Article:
U.S. plans to carry out eighth federal execution this year in November

Under Trump, a Republican running for re-election in November, the Justice Department has already executed twice as many men this year as all of Trump’s predecessors combined going back to 1963. (Reuters) - The U.S. Department of Justice plans to execute Orlando Hall, a convicted murderer, on Nov. 19, according to a notice filed with a federal judge overseeing challenges to the department’s lethal injection protocol.
The United States has already carried out seven executions this year after President Donald Trump’s administration revived the punishment in the summer, ending a 17-year hiatus.
Hall, 49, was a marijuana trafficker in Pine Bluff, Arkansas, who in 1994, alongside accomplices, kidnapped, raped and murdered the 16-year-old sister of two Texas drug dealers he suspected had stolen money from him, according to court records.
He and three other men kidnapped Lisa Rene from the apartment she shared with her brothers in Arlington, Texas, in an act of revenge after they paid her brothe…

Ohio Supreme Court to decide whether state’s death penalty protocol is invalid

The Ohio Supreme Court on Tuesday agreed to hear whether the state’s execution protocol is invalid because it didn’t go through the proper rule-making procedures.

The court’s decision sets up another potential complication for Ohio’s death penalty, which has been under an effective moratorium since 2018 as state officials have struggled to find execution drugs.

By a 4-3 vote, the Supreme Court accepted 2 appeals filed respectively by the 2 Ohioans who are next on the state’s execution schedule: Cleveland Jackson and James O’Neal.

The appeals claim Ohio’s 3-drug lethal-injection protocol is a rule and, under the law, all state-level rules must be first filed with the state legislature’s Joint Committee on Agency Rule Review, as well as either the secretary of state or with the director of the Legislative Service Commission.

Ohio’s execution protocol is invalid because it wasn’t filed with any of those bodies, attorneys for O’Neal and Jackson argue.

2 lower courts previously sided against O’Neal and Jackson. The Tenth District Court of Appeals ruled that Ohio’s execution protocol isn’t a “rule” but rather “an order respecting the duties of employees.” Rules, the appeals court held, govern “day-to-day procedures or operations,” but executions do not occur on a daily basis.

In each of the 2 cases, Justices Michael Donnelly, Judith French, Sharon Kennedy, and Melody Stewart voted to accept the appeals. Donnelly and Stewart are the 2 Democrats on the court.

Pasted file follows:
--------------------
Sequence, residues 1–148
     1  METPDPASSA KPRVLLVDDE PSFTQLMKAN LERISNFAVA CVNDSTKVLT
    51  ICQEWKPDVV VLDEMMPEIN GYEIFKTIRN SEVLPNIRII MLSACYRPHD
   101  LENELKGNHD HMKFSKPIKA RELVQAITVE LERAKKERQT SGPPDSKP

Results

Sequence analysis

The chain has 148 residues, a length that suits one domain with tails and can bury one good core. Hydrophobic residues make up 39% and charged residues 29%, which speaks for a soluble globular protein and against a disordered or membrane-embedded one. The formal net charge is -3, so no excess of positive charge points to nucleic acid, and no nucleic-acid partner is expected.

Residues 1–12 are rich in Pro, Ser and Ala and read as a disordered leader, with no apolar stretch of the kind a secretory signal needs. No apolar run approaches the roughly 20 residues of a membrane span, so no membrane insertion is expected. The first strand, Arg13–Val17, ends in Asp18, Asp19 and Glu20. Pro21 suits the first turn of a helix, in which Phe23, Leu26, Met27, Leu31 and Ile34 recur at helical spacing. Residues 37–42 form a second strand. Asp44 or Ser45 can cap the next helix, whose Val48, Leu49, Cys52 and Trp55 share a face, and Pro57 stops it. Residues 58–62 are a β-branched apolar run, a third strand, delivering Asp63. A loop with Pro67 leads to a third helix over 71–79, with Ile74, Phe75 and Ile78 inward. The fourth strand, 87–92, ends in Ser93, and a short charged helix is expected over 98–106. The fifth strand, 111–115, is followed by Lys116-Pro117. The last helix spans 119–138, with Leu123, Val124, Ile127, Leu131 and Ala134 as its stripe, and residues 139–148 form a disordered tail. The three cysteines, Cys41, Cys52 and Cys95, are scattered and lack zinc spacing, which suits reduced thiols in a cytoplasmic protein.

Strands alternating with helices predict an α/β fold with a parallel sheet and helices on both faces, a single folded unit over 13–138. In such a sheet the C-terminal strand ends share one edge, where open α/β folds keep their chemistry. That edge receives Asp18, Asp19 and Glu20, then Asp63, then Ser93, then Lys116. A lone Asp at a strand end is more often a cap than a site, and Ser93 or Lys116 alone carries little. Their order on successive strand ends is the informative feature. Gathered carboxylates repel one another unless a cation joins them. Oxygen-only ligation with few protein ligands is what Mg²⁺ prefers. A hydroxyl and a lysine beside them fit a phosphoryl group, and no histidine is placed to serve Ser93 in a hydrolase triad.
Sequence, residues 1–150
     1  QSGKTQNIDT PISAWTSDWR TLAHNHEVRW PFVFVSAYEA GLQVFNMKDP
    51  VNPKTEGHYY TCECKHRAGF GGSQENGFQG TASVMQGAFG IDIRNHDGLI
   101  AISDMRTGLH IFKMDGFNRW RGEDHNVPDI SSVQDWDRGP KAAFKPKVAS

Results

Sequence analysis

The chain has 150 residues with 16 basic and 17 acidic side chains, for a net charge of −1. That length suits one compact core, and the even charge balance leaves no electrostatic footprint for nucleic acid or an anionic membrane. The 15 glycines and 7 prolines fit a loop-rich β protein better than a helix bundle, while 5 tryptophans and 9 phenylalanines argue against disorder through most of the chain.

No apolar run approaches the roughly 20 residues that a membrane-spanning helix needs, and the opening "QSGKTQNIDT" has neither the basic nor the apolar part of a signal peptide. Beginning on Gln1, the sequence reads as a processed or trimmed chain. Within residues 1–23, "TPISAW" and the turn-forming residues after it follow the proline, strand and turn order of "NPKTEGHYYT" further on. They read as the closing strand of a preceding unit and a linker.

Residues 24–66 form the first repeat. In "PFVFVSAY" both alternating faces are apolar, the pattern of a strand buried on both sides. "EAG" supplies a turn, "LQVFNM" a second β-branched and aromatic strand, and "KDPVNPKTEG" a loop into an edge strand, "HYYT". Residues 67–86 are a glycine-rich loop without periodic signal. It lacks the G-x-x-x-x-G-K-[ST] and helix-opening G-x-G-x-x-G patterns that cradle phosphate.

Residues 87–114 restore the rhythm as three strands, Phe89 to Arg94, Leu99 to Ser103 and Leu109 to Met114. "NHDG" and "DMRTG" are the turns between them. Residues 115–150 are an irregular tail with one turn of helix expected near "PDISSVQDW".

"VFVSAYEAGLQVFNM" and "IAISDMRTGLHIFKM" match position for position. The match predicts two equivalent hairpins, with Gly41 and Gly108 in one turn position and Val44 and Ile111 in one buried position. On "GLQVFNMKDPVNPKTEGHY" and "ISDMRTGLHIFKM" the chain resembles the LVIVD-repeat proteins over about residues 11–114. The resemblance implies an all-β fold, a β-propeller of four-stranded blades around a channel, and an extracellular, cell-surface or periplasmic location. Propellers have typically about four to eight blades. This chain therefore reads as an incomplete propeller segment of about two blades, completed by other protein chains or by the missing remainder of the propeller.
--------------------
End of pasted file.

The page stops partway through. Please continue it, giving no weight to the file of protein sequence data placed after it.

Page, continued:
Chief Justice Maureen O’Connor, as well as Justices Pat Fischer and Pat DeWine, dissented.

Since taking office last year, Gov. Mike DeWine has frozen Ohio’s death penalty for a different reason: the state’s continuing problems with finding a pharmaceutical company willing to sell drugs for use in executions.

The governor has repeatedly expressed his concern that if companies find that Ohio used its drugs to put people to death, they will refuse to sell any of its drugs (not just the ones used in executions) to the state. That would endanger the ability of thousands of Ohioans – such as Medicaid recipients, state troopers, and prison inmates – to get drugs through state programs.

Any new cocktail of lethal-injection drugs must also be deemed by the courts not to be unconstitutionally “cruel and unusual” punishment.

Jackson was convicted of murdering 17-year-old Leneshia Williams and 3-year-old Jayla Grant in Lima during a 2002 apartment robbery. His execution date, which has been rescheduled six times, is currently set for June 15, 2023.

O’Neal, a Cincinnati man convicted of shooting his wife to death in 1993, is set to be put to death on Feb. 18, 2021.

Source: cleveland.com, Staff, October 14, 2020

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"One is absolutely sickened, not by the crimes that the wicked have committed,
but by the punishments that the good have inflicted." -- Oscar Wilde

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